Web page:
Henrietta, Texas, 1949: If you drive north out of town, the road curves clockwise around the dam of the water reservoir, and after a sharp left turn crosses the bridge. This is the place where a car-owning teenager must determine how fast he can drive around that corner.
In my high school years, Wayne Klein’s souped-up 1955 Mercury held the record. In the movies, all teenagers have souped up hot rods, but the average teenager knows nothing about motors, and doesn’t know how to change the oil, much less how to “soup up” a car. Besides, what does soup have to do with it?
Wayne’s car was actually souped up, because his father had souped it, and it ran like a bat out of hell, so Wayne could drive that curve at 55 miles an hour. Since the posted sign says “25”, this was a wonderful accomplishment. And, unlike unfortunate Beckham Guthrie Jr., Wayne wasn’t even killed.
Now, if you chose not to take that left turn, and just followed the curve of the dam, you would drive onto a dirt road and come to a gate. This wooden gate is usually padlocked, but if it were open, you’d drive behind the dam, and in a dry wood of mesquite and oaks and dappled sunlight, you’d find an open meadow of sandy soil, with a cream-colored building beneath trees to the left, and to the right picnic tables and horseshoe stakes. This grandeur was the Henrietta Country Club.
Who belonged to this Country Club? I do not know. Why would they go out there? I do not know. Was there golf? There was not.
Earlier, in sixth grade, a very slender and elegant man who had a poodle and clapped his hands frequently held dancing lessons there on Tuesday evenings. Professor Rudolfo taught me to dance the waltz and the foxtrot with Linda Brown, to my eternal delight. And he taught a bunch of other kids, too.
I can report that the cream-colored building has a wooden floor, an air of mystery, and a kind of kitchen in the back, not that different from the Avenue Ballroom aside from being out in the woods behind a dam.
Even earlier, when I was five, Mrs. Miller took me and Rex and Mike to a cookout, a Fourth of July celebration. There in the sun and the shade and the scurrying dust, a hundred children darted about like wild animals, playing chase and Red Rover. Campfires smoked in the brick firepits, roasting hotdogs and hamburgers. And to top it off, a grand drawing.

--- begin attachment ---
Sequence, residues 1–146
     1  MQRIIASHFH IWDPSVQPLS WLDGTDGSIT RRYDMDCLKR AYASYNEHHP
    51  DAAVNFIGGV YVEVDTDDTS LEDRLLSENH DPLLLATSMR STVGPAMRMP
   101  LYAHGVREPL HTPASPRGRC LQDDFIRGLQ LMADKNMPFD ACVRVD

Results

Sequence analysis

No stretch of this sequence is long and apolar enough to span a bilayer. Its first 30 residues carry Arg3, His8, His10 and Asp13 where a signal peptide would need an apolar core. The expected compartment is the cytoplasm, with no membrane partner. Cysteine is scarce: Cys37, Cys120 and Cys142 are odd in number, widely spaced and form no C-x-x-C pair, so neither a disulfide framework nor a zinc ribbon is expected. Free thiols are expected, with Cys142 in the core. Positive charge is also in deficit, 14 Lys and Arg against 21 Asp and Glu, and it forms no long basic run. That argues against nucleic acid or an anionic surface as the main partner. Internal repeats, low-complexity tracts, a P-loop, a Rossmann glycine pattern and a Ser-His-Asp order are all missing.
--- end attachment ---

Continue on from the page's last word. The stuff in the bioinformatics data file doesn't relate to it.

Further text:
When we’d driven in, tickets were issued to everyone. I had one. Rex had one. Mike was too little to hold his, but Mrs. Miller held it for him. And when it came time for the big drawing, the man pointed me out and asked me to help.
I nodded yes.
He had a cage of wood and wire, and the tickets tumbled inside. The numbers on tickets matched the ones we were holding. My job was to reach into the cage and pull out a ticket. Then he would call out the number, and somebody won a toaster.
After the toaster there was a cash prize. Somebody was going to win a dollar. But when the man called out the number, nobody had it. He called the number several times. It was a mystery. Who would have the ticket?
Finally, he looked at my ticket. It was me.
I had pulled my own number from the cage, winning the dollar. I was pleased to win a dollar, though I didn’t exactly know what a person would do with a dollar.
Later, when we got back to Rex and Mike’s house, I bragged happily to Rex that I had won a dollar. He’d seen me win it, of course, and he grew angry. I was puzzled.
“Why didn’t you win a dollar?” I asked him.
He said it was because I didn’t pull his number out of the cage, stupid.